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Today in Denmark: A round-up of the latest news on Wednesday

Today in Denmark: A round-up of the latest news on Wednesday
Langelændere (people from Langeland) demonstrate on Tuesday against the now-scrapped plans for a departure centre on their island. Photo: Philip Davali/Ritzau Scanpix
Find out what's going on in Denmark today with The Local's short roundup of the news in less than five minutes.

Government scraps plan for Langeland expulsion centre

The government last night announced it will not go ahead with plans to open a so-called departure or expulsion centre on Langeland, in the face of fierce opposition from the local community on the island and in parliament.

Proposed last week, the centre would have housed people with so-called ‘tolerated stay’ (tålt ophold) status, who do not have permission to reside in Denmark but cannot be deported by force. The planned facility was for foreign nationals with criminal records who have served their sentences but are awaiting deportation.

The persons who would have been moved to the centre will therefore remain for the time being at a similar facility at Kærshovedgård in Jutland. That centre also houses people who have not committed crimes but have no legal right to stay in Denmark, for example due to a rejected asylum claim.

We’ll have more detail on this story in a report today.

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24,000 on waiting list for dropped vaccines

If you (like me) have registered for a consultation over opting to receive a Covid-19 vaccine from AstraZeneca or Johnson & Johnson, you may have to wait a while. The private company given concession to distribute the vaccines, Practio, says that 24,000 people have so far signed up for the scheme, broadcaster DR reports.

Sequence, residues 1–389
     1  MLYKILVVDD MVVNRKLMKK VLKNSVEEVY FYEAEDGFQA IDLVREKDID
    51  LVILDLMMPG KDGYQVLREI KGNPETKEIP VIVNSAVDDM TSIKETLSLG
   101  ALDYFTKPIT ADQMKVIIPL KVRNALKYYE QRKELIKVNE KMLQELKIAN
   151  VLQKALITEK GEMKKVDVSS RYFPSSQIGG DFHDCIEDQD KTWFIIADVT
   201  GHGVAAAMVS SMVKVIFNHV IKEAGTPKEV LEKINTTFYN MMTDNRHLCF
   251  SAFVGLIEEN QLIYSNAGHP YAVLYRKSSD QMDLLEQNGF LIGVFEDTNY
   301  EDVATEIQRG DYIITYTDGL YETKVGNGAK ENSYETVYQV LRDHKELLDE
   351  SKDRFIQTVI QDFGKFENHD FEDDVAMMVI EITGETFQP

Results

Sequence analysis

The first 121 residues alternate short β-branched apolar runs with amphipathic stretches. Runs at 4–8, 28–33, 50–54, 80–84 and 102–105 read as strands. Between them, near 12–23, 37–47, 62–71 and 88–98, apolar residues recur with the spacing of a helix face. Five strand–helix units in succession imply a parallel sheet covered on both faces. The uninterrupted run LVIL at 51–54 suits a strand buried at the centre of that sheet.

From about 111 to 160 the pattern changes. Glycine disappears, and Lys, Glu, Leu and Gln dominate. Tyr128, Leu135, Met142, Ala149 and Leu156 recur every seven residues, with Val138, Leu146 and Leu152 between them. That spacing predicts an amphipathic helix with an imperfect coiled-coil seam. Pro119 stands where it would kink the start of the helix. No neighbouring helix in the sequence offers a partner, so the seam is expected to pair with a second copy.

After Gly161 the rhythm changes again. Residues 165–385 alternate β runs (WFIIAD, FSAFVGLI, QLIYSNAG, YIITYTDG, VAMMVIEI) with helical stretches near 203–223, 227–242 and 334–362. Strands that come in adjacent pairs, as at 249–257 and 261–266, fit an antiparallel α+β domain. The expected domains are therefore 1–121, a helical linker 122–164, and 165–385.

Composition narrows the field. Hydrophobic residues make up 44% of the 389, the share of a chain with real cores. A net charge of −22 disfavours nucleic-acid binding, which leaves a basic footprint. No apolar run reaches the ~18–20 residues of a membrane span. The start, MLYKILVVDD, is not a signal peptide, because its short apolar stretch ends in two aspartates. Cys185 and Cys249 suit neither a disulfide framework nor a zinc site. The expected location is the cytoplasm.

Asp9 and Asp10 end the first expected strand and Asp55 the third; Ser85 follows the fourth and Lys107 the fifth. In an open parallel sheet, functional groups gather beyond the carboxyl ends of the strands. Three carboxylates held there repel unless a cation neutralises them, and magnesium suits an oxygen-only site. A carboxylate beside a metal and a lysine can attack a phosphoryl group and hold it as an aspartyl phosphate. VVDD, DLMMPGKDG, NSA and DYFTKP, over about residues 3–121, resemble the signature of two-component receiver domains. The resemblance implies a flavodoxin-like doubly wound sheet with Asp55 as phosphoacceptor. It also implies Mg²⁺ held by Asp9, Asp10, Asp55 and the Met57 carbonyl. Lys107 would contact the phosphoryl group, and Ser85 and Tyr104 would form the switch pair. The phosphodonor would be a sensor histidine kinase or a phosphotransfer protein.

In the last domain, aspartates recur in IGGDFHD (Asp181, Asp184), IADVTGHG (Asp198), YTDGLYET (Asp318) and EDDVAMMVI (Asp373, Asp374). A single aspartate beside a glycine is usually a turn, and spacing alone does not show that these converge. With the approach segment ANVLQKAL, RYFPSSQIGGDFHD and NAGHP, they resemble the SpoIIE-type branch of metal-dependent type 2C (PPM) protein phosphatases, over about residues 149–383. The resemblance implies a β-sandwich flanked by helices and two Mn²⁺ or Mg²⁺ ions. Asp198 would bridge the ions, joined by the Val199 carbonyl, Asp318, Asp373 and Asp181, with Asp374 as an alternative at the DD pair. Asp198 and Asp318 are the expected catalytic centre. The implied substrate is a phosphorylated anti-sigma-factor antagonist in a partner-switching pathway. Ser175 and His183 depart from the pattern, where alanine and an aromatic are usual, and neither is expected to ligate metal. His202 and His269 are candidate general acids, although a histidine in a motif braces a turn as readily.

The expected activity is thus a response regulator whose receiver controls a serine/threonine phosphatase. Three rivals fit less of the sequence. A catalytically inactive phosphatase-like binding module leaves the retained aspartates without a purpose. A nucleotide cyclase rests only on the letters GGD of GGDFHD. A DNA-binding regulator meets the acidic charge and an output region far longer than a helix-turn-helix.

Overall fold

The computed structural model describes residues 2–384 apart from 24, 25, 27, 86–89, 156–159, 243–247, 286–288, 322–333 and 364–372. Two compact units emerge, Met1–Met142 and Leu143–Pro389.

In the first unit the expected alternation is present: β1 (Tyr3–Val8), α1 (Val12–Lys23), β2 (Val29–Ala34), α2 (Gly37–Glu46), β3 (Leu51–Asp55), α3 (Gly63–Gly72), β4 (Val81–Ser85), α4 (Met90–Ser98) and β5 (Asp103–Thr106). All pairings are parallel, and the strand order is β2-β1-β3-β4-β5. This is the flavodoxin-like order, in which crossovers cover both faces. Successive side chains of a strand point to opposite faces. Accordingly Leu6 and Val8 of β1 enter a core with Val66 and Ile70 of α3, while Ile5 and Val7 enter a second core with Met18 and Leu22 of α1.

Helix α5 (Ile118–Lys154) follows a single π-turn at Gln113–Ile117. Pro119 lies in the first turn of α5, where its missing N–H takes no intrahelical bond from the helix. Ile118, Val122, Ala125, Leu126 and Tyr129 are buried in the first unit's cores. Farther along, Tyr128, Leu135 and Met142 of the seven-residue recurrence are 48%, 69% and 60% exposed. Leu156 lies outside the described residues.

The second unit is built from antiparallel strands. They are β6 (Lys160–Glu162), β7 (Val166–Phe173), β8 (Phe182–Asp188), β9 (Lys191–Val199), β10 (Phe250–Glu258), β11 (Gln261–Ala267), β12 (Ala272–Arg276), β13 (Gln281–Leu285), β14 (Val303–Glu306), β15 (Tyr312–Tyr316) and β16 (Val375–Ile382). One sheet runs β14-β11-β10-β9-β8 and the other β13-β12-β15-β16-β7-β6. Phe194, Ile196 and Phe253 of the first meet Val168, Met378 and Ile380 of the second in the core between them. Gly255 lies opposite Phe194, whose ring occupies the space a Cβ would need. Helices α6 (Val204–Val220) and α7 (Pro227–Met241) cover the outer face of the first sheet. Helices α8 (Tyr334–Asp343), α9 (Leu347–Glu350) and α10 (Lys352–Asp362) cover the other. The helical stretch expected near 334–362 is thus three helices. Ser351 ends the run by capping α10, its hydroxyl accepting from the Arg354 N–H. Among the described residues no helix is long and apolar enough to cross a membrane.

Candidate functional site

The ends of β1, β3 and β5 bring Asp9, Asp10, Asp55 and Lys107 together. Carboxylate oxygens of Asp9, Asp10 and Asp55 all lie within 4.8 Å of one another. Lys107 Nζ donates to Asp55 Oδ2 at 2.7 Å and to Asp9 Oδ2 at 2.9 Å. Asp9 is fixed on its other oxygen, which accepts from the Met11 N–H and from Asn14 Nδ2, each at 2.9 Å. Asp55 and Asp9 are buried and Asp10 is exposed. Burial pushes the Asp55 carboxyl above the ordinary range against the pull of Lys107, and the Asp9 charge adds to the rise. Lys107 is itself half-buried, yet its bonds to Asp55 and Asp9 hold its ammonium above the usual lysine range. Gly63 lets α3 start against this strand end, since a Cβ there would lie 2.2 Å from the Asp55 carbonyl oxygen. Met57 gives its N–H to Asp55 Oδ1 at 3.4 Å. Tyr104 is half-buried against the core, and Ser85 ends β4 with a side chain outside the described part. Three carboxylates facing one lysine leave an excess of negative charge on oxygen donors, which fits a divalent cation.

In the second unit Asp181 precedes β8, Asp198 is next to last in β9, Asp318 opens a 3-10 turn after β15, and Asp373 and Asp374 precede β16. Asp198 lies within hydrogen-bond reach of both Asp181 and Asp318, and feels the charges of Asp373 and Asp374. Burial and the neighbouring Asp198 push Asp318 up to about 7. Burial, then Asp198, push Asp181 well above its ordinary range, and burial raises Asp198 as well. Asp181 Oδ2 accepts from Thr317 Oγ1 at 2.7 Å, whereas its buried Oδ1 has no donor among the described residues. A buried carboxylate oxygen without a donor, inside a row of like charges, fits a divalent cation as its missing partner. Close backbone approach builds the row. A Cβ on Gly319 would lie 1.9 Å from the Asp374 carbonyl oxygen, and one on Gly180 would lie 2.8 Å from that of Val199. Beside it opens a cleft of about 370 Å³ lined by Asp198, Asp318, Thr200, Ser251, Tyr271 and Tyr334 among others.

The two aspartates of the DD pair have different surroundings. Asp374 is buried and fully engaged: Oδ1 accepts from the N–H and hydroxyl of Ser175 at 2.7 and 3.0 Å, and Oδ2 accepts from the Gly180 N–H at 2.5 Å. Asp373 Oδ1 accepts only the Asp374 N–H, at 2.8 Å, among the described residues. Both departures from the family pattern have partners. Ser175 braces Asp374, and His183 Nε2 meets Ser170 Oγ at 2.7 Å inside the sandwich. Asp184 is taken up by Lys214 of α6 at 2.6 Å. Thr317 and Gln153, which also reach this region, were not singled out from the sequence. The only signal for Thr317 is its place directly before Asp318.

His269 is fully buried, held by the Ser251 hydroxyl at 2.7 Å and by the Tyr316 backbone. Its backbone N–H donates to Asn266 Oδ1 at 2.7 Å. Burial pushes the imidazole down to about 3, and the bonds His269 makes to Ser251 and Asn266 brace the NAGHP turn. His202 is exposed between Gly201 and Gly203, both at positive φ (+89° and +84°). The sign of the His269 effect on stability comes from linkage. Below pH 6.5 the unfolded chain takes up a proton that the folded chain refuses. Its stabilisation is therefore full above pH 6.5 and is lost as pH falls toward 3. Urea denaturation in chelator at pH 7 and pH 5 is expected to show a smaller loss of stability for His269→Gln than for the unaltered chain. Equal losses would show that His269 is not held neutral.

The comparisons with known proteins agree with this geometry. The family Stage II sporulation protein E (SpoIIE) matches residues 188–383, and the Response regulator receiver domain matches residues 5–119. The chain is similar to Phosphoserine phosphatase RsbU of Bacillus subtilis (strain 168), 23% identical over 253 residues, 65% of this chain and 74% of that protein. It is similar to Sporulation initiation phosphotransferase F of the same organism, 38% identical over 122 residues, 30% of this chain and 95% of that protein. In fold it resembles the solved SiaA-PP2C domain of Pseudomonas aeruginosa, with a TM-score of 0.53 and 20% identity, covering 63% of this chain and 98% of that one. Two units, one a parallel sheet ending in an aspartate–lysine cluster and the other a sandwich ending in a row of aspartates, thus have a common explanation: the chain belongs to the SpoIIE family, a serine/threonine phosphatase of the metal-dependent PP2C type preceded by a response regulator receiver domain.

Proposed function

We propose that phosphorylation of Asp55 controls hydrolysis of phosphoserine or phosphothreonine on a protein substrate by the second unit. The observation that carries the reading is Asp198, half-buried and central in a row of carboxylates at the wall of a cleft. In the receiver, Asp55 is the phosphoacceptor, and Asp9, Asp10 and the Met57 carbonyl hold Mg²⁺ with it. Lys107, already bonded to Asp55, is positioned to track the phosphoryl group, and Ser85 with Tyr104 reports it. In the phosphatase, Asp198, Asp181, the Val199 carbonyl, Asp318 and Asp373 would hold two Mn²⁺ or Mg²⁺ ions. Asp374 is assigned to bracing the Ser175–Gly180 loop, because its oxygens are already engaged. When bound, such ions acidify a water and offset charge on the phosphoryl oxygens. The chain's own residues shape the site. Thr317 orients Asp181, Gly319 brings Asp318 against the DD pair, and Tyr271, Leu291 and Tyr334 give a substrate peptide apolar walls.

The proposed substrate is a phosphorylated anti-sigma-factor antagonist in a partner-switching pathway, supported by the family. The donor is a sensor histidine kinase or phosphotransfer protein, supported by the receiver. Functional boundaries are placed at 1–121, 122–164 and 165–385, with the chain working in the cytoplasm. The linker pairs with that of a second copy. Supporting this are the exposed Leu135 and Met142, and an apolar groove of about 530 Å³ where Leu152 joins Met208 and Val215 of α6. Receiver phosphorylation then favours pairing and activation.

Vaccines from the two companies have been withdrawn from the general vaccination programme but can still be given in Denmark via the new opt-in arrangement.

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The company is still working to secure locations for its vaccination centres and hiring doctors to give the consultations founder Jonas Nilsen told DR.

“It’s going fast but I’m confident about everything, even though we’re busy,” Nilsen said.

Midwives in dispute over wage terms

Just over a third of Denmark’s 3,000 midwives have signed a declaration refusing to take new jobs in the public sector unless they are given better wages, DR reports.

The conflict between the midwives and their employers, the regional health authorities, has reached a stage where it has the potential to affect staffing at neonatal wards when hospitals put together their summer rotas, according to the broadcaster.

Rain, wind and a little bit of sun forecast

The end of May is nigh and you could be forgiven for thinking that spring hasn’t really got going yet. Today is unlikely to change such a conviction, according to weather forecasts.

A moderate to strong southerly or southwesterly wind is expected in most parts of the country. A low pressure system moving north will ensure showers, wind and perhaps a bit of sun, with temperatures ranging from 8-14 degrees Celsius.


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